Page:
Potential of antigen detection tests

BMJ 1995; 310 doi: https://doi.org/10.1136/bmj.310.6971.58c (Published 07 January 1995) Cite this as: BMJ 1995;310:58
  1. Jorgen Steen Andersen,
  2. Niels Jerne Borrild,
  3. Steen Hoffmann
  1. General practitioner General practitioner Bybuen 13, DK-2740 Skovlunde, Denmark
  2. Specialist in clinical microbiology Streptococcus Laboratory, Department of Bacteriology, Statens Seruminstitut, DK-2300 Copenhagen S

    EDITOR,—The Audit Commission has said that general practitioners prescribe antibiotics and other drugs irrationally and unnecessarily.1 The use of antigen detection tests may be a way to diagnose infection with group A streptococci rapidly in patients with a sore throat, thus enabling more rational prescribing of antibiotics. However, the overall impact of other kinds of near patient testing has been challenged.2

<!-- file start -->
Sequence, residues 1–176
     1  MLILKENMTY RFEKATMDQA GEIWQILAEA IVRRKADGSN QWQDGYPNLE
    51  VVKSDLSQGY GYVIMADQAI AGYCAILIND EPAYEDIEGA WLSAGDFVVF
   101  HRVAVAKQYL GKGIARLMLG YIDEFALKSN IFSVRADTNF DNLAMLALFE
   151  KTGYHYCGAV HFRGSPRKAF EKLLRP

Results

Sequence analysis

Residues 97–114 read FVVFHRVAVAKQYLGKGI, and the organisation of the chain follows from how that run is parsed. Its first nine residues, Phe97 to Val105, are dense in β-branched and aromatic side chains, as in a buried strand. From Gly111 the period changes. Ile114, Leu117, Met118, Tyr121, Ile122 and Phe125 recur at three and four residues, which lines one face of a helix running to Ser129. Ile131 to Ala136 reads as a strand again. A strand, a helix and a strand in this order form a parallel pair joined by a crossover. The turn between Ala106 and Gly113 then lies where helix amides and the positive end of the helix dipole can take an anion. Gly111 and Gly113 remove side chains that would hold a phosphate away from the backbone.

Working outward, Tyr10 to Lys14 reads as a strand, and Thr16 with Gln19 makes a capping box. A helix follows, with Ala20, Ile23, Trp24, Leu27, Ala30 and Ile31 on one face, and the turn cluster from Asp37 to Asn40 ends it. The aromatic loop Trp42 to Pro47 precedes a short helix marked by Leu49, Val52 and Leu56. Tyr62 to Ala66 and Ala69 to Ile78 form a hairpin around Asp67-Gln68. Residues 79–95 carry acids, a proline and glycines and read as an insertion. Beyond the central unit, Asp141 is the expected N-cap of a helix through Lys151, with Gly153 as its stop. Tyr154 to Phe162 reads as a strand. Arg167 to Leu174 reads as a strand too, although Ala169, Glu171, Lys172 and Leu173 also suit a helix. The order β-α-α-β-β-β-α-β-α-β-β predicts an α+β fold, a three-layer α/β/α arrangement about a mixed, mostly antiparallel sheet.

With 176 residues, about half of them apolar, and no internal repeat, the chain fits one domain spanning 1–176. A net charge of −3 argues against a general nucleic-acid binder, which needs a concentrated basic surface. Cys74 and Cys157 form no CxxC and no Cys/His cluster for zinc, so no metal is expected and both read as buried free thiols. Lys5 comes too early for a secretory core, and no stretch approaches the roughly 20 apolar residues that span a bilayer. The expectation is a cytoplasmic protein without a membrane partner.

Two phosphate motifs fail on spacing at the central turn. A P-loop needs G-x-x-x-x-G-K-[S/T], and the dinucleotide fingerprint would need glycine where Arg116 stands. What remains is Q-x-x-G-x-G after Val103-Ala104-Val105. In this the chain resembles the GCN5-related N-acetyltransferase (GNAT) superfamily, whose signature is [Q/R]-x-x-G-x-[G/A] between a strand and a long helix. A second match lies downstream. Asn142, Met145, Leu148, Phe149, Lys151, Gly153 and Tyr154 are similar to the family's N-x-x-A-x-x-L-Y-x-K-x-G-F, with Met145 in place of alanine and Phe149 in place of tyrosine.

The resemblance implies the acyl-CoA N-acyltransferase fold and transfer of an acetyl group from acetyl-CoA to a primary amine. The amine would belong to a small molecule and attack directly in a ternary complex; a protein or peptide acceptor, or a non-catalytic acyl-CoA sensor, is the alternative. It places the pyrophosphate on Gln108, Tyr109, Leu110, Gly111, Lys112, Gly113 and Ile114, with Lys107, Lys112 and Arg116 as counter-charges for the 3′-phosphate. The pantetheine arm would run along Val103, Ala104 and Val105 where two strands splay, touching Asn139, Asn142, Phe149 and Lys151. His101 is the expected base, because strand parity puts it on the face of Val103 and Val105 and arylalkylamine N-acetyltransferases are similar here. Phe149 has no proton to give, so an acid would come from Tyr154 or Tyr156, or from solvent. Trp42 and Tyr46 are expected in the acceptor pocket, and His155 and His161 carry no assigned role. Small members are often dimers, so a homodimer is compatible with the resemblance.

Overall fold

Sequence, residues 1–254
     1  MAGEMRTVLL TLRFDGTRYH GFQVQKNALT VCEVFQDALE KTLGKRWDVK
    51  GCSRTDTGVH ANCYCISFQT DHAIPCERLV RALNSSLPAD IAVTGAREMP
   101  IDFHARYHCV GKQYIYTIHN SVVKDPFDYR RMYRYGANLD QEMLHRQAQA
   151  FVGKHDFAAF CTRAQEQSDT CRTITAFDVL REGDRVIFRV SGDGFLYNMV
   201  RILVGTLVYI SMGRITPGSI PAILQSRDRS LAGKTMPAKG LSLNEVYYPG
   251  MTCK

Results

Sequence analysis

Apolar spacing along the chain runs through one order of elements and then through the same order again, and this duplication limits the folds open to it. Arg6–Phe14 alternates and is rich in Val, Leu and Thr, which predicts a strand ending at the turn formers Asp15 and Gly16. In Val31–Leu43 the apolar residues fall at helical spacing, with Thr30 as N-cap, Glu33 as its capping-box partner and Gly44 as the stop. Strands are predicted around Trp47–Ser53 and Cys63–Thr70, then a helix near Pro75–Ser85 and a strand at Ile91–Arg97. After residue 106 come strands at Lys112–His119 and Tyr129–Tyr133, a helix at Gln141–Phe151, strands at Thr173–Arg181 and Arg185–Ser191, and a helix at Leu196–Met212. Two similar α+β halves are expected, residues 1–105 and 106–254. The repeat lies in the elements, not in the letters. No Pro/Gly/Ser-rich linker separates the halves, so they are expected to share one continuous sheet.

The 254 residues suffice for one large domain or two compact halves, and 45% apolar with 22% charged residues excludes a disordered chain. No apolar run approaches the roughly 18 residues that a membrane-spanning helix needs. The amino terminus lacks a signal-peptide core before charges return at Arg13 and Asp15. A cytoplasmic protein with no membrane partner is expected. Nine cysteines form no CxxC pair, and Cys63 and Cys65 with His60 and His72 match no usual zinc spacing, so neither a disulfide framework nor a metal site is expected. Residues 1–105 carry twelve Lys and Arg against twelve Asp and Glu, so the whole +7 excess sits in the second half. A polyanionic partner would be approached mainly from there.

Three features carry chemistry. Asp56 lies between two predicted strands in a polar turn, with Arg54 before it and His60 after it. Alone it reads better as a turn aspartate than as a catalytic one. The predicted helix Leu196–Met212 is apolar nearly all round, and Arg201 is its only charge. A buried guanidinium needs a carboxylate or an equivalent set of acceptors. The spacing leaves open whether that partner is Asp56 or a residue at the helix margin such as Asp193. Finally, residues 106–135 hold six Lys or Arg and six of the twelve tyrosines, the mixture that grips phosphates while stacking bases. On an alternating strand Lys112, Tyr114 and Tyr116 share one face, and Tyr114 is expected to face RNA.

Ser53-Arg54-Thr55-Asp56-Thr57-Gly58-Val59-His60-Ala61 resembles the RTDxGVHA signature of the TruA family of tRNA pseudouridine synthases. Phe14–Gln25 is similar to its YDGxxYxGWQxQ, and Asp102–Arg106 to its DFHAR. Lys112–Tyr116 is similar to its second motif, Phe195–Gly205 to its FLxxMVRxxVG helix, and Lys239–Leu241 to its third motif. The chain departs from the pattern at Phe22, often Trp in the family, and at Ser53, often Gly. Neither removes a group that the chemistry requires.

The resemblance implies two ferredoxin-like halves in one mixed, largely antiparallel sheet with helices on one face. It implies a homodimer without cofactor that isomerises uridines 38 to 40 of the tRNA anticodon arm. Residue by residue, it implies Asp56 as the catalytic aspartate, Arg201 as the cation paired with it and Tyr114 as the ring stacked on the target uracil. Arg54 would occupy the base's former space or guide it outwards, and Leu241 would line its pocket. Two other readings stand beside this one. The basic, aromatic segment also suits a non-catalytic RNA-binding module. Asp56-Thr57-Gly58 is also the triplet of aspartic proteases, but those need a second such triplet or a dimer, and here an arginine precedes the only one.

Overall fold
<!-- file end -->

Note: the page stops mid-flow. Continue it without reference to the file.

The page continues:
We studied the impact of using antigen detection tests for group A streptococci (Abbott TestPack Strep A Plus, Concise Strep A (Hybritech), and Kodak SureCell Strep A) on the prescription of antibiotics by 34 general practitioners in 18 practices in Denmark. Patients with symptoms of a sore throat were consecutively enrolled into the study. On the basis of …

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